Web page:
Measures of Dispersion and Skewness

Measures of Dispersion and Skewness
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  • 0:01 Our Data
  • 0:55 Variability
  • 1:50 Positive Skew
  • 2:21 Negative Skew
  • 3:02 Lesson Summary
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Lesson Transcript
Instructor: Yuanxin (Amy) Yang Alcocer

Amy has a master's degree in secondary education and has taught math at a public charter high school.

Watch this video lesson to learn how you can describe your data using two different statistical characteristics. Learn what it means for your graph to have variability and what it means for your graph to be skewed.

Our Data

In statistics, we have various ways of describing how our data is behaving. In this video lesson, we will look at two of these methods. We will look at measures of dispersion, or variability, and skewness. I will define these terms when we get to each. It is important to learn about them because you will come across these terms as you progress in your statistics classes. You will also see these terms describing real-world statistical data. For example, you might come across these terms at a bank when you are discussing money matters and your banker is showing you graphs of how the bank is performing.

To help with our discussion, we will look at this graph:

Example graph
dispersion

This graph shows how often a certain number of donuts are purchased. We see that most people purchase four donuts at a time. Rarely do people purchase a dozen or 11 donuts. We see that the graph has a high point at four donuts and trails off to the right and to the left. Now let's see how we can describe this statistically.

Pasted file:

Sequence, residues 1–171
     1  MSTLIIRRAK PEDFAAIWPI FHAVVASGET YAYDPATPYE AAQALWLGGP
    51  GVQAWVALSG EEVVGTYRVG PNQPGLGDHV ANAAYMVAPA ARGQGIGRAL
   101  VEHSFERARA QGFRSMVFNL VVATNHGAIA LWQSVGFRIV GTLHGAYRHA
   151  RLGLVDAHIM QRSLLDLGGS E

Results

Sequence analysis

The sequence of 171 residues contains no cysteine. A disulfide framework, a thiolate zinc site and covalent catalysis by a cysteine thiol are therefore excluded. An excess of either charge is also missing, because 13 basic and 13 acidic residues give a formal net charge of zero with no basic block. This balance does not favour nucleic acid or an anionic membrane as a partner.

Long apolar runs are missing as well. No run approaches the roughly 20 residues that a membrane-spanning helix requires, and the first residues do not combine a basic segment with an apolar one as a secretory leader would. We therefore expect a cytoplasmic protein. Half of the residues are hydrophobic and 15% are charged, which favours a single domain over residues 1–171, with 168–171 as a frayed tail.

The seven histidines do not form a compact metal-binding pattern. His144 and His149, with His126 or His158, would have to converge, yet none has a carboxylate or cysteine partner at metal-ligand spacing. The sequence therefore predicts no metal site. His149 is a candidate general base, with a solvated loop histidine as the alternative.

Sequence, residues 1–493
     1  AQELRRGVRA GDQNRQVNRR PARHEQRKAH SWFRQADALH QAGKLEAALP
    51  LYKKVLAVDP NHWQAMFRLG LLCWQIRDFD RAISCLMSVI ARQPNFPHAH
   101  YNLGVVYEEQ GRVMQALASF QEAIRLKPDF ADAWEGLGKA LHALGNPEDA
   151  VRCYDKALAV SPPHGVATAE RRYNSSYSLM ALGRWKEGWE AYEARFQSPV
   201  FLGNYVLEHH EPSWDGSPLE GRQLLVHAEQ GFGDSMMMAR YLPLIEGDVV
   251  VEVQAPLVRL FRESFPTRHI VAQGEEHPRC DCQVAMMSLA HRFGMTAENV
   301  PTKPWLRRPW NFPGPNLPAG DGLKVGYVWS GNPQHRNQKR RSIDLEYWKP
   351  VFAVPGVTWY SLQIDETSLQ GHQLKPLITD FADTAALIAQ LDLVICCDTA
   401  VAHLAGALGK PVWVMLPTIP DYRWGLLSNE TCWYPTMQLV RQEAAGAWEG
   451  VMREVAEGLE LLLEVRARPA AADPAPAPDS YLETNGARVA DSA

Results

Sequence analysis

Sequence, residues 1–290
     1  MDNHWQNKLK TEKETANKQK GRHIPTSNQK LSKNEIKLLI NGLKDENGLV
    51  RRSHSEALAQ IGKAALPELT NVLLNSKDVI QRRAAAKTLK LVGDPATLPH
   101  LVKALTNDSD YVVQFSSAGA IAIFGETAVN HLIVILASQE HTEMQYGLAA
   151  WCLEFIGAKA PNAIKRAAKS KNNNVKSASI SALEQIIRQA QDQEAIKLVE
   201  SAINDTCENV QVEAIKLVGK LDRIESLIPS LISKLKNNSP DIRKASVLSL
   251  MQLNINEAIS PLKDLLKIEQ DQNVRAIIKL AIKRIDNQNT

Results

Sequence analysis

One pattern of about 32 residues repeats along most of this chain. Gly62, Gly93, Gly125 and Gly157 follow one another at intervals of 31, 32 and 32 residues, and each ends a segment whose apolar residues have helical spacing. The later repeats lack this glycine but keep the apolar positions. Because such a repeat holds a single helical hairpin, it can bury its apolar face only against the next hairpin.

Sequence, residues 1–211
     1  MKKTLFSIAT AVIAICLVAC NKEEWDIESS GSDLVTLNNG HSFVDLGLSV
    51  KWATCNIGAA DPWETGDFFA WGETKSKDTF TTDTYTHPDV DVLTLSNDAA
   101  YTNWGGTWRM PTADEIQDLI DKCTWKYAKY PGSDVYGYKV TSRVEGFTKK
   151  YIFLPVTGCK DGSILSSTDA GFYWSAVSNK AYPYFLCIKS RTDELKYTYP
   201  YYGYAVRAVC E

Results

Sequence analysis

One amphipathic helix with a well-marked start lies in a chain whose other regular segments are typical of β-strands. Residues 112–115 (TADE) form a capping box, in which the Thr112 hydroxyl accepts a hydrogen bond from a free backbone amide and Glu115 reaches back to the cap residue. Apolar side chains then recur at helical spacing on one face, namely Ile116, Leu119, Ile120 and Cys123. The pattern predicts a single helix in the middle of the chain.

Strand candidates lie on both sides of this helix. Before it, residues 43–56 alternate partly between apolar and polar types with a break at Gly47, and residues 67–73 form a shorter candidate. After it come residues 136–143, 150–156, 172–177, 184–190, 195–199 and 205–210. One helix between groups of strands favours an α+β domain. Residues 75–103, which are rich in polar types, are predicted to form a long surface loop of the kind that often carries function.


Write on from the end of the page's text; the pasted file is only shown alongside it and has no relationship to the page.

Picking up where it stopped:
Variability

We begin with variability, or dispersion. This means how much spread out our data is. Looking at our data, we see that our data ranges from 1 donut purchased to 12 donuts purchased. How we note this variability depends on the particular measurement type we choose. There is not enough room in this video lesson to go into the various types of statistical measurements. But all of the measurement types for dispersion or variability do have one thing in common, and that is all of the measurements will be positive.

If the measurement is zero, then that means all the data is exactly the same. In our donut example, a dispersion of zero would mean that everybody buys the same number of donuts. The higher the dispersion amount, the more varied the data is. Data that ranges from 0 to 50 will have a smaller dispersion amount than data that ranges from 0 to 100.

Positive Skew

Let's move on to our next topic, which is skewness. When data is skewed, it means that data leans more to one side than the other. You can see this in our donut example: The tip of our data is not perfectly in the center. We call the data that trails to the left and to the right the tails. So if our right tail is longer than the left, then we call our graph right-tailed. And if our data trails more to the right, then the amount of skew will be positive. In our donut example, we have a positive skew.

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